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Spring sports canceled for remainder of academic year

Spring sports canceled for remainder of academic year

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Meghan O'Connor, Queensbury

Meghan O'Connor drives toward the basket for Queensbury during a 2019 girls basketball game against Gloversville.

Meghan O’Connor was upset Friday when she heard Gov. Andrew Cuomo announce his decision to close schools across the state for the remainder of the academic year because of the coronavirus pandemic.

That was followed by the New York State Public High School Athletic Association announcing that all 11 of its member sections had canceled all remaining spring sports, including Section II.

O’Connor, a Queensbury senior, had been looking forward to a comeback season in girls lacrosse, after she had missed her junior season with injuries.

O’Connor said she had initially closed herself in her room, but was cheered up later by a Google Meet conference call with her senior teammates and their coaches.

“It was definitely heartbreaking, personally and for all of us seniors,” said O’Connor, a three-sport athlete for the Spartans. “I had convinced myself that we had a chance to still play a few games at the end of the year, like late May, June, after we came back. Now, we knew we’d never get the chance to play together as a team again.”

NYSPHSAA and Section II had canceled the state and sectional playoffs on Monday because of the shrinking time span to fit them into any potential schedule, if schools were to reopen. Section VIII and XI, the two Long Island sections, had already canceled their spring sports seasons on April 21.

“Many throughout our state were hopeful students would have the chance to participate in high school athletics this spring and return to some sense of normalcy,” NYSPHSAA Executive Director Dr. Robert Zayas said in a statement Friday. “Unfortunately, the COVID-19 crisis has taken a toll on many aspects of our lives and high school athletics is one of them.”

NYSPHSAA’s press release said that association president Paul Harrica would begin selecting representatives for an ad hoc committee to address any potential impact on the fall 2020 interscholastic athletic season.

“Obviously we’re living in unprecedented times,” Queensbury athletic director Rich Keys said. “We’ll yield to the experts in the field, the health professionals that know the best for all of us.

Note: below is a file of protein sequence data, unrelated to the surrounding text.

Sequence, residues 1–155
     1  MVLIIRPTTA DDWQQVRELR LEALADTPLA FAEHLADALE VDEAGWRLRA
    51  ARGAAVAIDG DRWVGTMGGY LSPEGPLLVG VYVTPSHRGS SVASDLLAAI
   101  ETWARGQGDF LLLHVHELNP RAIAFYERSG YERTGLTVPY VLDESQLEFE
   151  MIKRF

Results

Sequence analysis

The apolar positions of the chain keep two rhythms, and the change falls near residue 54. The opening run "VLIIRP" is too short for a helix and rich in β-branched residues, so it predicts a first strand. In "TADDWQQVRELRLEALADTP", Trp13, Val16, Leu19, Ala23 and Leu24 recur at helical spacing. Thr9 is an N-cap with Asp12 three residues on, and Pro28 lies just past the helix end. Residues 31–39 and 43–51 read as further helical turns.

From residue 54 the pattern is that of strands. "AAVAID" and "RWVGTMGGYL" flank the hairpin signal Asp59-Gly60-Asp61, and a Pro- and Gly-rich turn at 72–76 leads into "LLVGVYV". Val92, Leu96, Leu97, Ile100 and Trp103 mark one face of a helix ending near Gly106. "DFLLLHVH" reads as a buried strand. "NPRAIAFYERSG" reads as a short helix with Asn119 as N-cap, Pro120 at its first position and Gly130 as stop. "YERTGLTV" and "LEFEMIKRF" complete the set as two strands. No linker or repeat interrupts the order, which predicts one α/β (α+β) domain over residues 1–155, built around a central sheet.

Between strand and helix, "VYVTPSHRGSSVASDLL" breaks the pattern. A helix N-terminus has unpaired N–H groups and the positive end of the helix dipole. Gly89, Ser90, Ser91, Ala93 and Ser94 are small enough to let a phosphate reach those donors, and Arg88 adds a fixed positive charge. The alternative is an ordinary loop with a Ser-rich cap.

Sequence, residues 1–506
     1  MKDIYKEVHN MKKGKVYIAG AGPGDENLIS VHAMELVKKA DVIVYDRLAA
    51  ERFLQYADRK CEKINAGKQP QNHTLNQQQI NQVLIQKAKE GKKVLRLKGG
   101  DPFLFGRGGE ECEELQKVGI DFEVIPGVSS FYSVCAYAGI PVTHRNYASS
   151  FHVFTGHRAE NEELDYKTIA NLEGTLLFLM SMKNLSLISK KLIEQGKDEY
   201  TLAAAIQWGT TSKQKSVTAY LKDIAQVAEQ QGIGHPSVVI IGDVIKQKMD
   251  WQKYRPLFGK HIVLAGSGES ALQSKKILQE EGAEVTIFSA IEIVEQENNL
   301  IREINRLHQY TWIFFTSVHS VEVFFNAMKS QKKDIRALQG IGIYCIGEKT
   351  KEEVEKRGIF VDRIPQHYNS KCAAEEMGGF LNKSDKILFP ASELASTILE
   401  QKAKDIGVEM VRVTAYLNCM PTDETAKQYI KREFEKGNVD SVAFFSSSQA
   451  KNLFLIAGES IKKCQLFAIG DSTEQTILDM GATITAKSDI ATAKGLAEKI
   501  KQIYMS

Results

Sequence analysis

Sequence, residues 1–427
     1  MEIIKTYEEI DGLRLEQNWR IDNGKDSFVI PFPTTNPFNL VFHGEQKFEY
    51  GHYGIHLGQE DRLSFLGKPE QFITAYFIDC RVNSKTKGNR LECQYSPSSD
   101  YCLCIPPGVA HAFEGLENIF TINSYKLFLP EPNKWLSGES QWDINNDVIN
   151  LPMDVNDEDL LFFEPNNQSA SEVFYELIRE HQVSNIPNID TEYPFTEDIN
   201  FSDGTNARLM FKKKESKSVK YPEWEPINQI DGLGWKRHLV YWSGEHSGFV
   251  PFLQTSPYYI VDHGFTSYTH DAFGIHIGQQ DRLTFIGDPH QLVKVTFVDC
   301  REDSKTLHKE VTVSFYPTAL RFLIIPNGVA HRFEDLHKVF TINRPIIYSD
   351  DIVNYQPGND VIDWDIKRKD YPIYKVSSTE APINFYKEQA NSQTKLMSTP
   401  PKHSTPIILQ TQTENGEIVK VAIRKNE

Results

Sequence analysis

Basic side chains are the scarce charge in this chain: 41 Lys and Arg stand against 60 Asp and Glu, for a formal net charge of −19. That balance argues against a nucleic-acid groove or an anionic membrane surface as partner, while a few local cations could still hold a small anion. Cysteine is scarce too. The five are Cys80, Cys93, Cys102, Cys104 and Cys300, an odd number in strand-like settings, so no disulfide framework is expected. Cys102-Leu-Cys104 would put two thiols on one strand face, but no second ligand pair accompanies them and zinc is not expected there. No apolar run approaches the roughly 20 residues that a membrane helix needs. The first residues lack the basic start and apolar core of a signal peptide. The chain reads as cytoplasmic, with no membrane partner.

“My heart goes out to our seniors that didn’t get that closure at the end of the year,” Keys added. “We had a number of teams that had high hopes for this year. Our girls lacrosse team had three Division I signees and were looking forward to making some noise in the postseason, and certainly our hockey team making it to the state final four. For those things to come to an end is extremely disappointing.”

“It’s hard — you grow up your whole life and you can’t wait do to all of those senior things, senior skip day, senior special days, graduation. It’s definitely hard that it’s all over all of a sudden,” said O’Connor, who will play D-I women’s lacrosse at the University of Vermont next year.

Keys said he appreciated the measured approach that NYSPHSAA and Section II had taken amid the coronavirus shutdown. When schools initially closed on March 14, the state organization took another nine days before canceling the winter sports championships. NYSPHSAA gathered information for another month before canceling the state spring playoffs.

“We all knew the likelihood was going to be slim that we were going to come back, but they didn’t make a rash decision a month and a half ago and shut everything down,” Keys said. “They listened to the experts, they gathered information and they based their decisions on the timelines. Right up until today, we still had an opportunity to at least play some games, some league contests. We would have done whatever we had to do to give kids one more chance to play.”

Friday’s decision ended that hope and no doubt disappointed thousands of student-athletes across the region and the state. Keys said he hopes this will make the Class of 2020 even stronger.

“We teach leadership throughout our program, and this experience is a lesson that they’ll be able to carry into the rest of their lives,” Keys said. “There’s disappointment in athletics all the time and it parallels the real world. I’m confident that our young leaders will rise above this, and this will inspire them to do bigger things in life.”

“There’s nothing like playing high school sports with people you grew up with,” O’Connor said. “Us as a senior group, we told the younger players to play every game like it’s your last game, because you never know. None of us thought that last year was going to be our last game.”

Follow Pete Tobey on Twitter @PTobeyPSVarsity.


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Covering high school and minor-league sports in Section II since 1989. SUNY Plattsburgh grad. Colleen's lesser half. Three amazing young people call me Dad. Fan of Philadelphia Eagles, New York Rangers and Mets, and Syracuse Orange.

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